School of Natural and Environmental Sciences


Advancing the quantitative basis for sustainable management of inshore crab fisheries: case study for edible crabs in Northumberland

With the general decline in finfish yields shellfisheries now play an important socio-economic role in fishing communities. Current levels of crab fishing are at or beyond biologically sensible levels and many UK stocks are 'over exploited'. The newly formed Inshore Fisheries and Conservation Authorities (IFCAs) have been tasked with the sustainable management of sea fisheries resources in their local areas out to 6 nautical miles. However, knowledge of edible crab population dynamics is limited and given the absence of age data and the inadequacy of abundance estimates current scientific stock assessments are imprecise.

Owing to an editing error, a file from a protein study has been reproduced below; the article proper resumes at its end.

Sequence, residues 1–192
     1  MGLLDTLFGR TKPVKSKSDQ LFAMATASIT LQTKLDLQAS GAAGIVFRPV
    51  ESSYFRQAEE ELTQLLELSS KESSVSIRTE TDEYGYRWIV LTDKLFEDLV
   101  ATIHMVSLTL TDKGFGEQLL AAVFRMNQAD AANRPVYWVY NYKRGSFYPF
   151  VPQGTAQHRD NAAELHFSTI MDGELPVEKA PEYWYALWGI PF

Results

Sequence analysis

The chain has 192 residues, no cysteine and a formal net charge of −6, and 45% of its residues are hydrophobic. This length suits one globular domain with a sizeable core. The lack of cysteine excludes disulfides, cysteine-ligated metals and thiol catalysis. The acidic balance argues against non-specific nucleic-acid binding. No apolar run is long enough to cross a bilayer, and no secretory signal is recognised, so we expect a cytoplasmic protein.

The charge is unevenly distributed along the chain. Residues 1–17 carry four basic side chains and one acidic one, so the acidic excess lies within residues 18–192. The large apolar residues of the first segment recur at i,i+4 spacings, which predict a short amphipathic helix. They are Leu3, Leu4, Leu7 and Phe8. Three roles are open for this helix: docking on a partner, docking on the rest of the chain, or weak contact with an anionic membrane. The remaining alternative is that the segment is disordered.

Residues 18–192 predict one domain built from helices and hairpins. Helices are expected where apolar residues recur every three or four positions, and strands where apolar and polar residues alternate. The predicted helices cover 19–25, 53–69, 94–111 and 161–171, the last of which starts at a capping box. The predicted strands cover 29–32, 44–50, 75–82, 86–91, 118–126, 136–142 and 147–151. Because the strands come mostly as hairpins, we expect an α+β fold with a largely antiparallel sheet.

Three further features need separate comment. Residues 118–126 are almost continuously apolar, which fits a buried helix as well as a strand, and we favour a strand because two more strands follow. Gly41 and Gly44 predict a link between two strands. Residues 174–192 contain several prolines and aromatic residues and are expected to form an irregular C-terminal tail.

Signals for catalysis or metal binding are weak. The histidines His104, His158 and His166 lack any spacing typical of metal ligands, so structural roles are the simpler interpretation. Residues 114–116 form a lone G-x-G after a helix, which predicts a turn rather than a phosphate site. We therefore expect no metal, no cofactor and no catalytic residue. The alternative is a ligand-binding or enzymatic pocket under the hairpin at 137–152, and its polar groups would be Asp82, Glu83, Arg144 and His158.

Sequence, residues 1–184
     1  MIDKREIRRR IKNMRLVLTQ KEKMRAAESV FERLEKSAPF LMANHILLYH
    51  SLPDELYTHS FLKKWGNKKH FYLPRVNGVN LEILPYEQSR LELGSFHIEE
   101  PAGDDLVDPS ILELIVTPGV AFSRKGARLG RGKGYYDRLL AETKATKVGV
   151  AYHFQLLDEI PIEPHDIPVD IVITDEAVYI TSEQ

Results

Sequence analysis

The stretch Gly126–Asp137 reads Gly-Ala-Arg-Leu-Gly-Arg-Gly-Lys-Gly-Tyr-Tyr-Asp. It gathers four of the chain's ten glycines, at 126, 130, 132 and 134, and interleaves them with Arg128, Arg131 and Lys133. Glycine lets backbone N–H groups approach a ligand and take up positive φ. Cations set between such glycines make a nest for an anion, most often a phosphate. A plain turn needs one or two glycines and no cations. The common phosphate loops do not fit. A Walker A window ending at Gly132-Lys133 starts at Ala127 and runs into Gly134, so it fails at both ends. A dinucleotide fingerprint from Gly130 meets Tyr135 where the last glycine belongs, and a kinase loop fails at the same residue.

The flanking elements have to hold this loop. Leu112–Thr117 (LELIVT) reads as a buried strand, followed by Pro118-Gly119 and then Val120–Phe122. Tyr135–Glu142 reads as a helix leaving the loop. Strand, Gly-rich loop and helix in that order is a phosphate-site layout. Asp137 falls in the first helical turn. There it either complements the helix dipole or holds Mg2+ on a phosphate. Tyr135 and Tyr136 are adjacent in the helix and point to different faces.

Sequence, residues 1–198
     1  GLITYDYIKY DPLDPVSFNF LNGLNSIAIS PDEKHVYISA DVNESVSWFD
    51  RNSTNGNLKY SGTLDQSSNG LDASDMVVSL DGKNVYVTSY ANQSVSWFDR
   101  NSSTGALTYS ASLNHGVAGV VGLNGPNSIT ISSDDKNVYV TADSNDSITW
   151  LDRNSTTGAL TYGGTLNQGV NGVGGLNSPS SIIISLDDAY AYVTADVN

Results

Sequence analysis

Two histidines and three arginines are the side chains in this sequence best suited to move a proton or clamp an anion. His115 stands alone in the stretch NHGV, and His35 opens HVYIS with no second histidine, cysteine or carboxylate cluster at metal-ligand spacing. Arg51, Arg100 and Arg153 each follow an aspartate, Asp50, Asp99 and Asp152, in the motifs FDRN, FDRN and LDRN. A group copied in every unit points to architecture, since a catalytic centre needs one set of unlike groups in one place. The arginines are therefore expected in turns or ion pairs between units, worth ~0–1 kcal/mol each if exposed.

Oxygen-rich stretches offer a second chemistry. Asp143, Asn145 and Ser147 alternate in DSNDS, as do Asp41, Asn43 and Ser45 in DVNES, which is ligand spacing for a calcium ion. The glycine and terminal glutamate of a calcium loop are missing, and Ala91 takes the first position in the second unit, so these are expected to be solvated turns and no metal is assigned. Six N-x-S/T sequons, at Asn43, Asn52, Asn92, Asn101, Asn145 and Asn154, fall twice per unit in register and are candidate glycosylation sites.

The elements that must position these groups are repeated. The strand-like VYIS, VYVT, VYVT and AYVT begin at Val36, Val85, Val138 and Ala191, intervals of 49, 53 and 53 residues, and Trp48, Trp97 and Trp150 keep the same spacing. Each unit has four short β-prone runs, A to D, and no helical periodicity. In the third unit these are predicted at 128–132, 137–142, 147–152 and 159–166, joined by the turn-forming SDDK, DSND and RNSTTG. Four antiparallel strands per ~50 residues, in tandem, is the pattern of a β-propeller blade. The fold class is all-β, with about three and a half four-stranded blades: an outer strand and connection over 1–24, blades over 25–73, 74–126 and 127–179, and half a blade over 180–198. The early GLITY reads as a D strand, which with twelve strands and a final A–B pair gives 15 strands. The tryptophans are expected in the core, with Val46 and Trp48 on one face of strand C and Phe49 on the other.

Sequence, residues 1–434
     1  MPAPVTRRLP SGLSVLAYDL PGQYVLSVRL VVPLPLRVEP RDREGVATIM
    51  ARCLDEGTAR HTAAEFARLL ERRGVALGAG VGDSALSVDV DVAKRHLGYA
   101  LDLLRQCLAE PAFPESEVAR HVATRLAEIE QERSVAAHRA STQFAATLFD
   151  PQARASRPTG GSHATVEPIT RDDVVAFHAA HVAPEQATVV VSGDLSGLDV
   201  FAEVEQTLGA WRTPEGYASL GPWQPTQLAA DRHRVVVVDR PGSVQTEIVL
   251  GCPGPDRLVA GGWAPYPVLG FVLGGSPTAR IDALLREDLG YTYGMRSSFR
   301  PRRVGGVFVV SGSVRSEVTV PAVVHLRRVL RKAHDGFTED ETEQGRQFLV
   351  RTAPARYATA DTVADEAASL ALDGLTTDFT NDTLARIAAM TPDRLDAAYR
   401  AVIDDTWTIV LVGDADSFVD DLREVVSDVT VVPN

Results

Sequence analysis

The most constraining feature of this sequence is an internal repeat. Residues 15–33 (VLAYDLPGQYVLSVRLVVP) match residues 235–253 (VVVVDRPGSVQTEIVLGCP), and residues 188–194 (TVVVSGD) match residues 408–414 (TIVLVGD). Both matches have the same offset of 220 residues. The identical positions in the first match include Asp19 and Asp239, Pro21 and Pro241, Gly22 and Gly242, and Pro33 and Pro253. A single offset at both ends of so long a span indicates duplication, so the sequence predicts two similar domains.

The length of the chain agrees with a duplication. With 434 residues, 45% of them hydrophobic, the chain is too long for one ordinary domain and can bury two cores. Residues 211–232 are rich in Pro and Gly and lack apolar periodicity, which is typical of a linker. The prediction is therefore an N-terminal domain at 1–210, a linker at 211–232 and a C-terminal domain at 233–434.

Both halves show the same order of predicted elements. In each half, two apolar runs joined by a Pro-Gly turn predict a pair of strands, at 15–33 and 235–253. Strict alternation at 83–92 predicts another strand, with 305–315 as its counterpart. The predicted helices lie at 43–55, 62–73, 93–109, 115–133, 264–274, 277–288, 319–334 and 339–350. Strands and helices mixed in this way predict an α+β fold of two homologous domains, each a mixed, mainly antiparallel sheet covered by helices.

This study aims to support the work of Northumberland Inshore Fisheries and Conservation Authority (NIFCA) which covers 130 km of coast from Tynemouth to Berwick, where artisanal inshore fisheries help sustain several coastal communities. Building on existing collaborations between Newcastle University, Northumberland Inshore Fisheries and Conservation Authority (NIFCA) and Natural England, this study will collect data within the NIFCA district, improving the evidence-base and analytical methodologies to support management decisions on sustainable resource use.

Objectives are to:

This work has been supported by previously funded studies: Impacts of windfarms on Northumberland shellfisheries, H.gammarus and C.pagurus (MMO); Assessment of edible and velvet crab fisheries in Northumberland (Natural England).